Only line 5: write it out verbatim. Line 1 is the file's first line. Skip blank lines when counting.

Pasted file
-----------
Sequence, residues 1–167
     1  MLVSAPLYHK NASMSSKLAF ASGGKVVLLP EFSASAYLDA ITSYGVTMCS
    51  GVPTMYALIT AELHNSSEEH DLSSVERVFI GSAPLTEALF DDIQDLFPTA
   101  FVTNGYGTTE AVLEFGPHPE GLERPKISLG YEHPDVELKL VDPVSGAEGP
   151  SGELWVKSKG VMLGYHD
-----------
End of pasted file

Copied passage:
   151  SGELWVKSKG VMLGYHD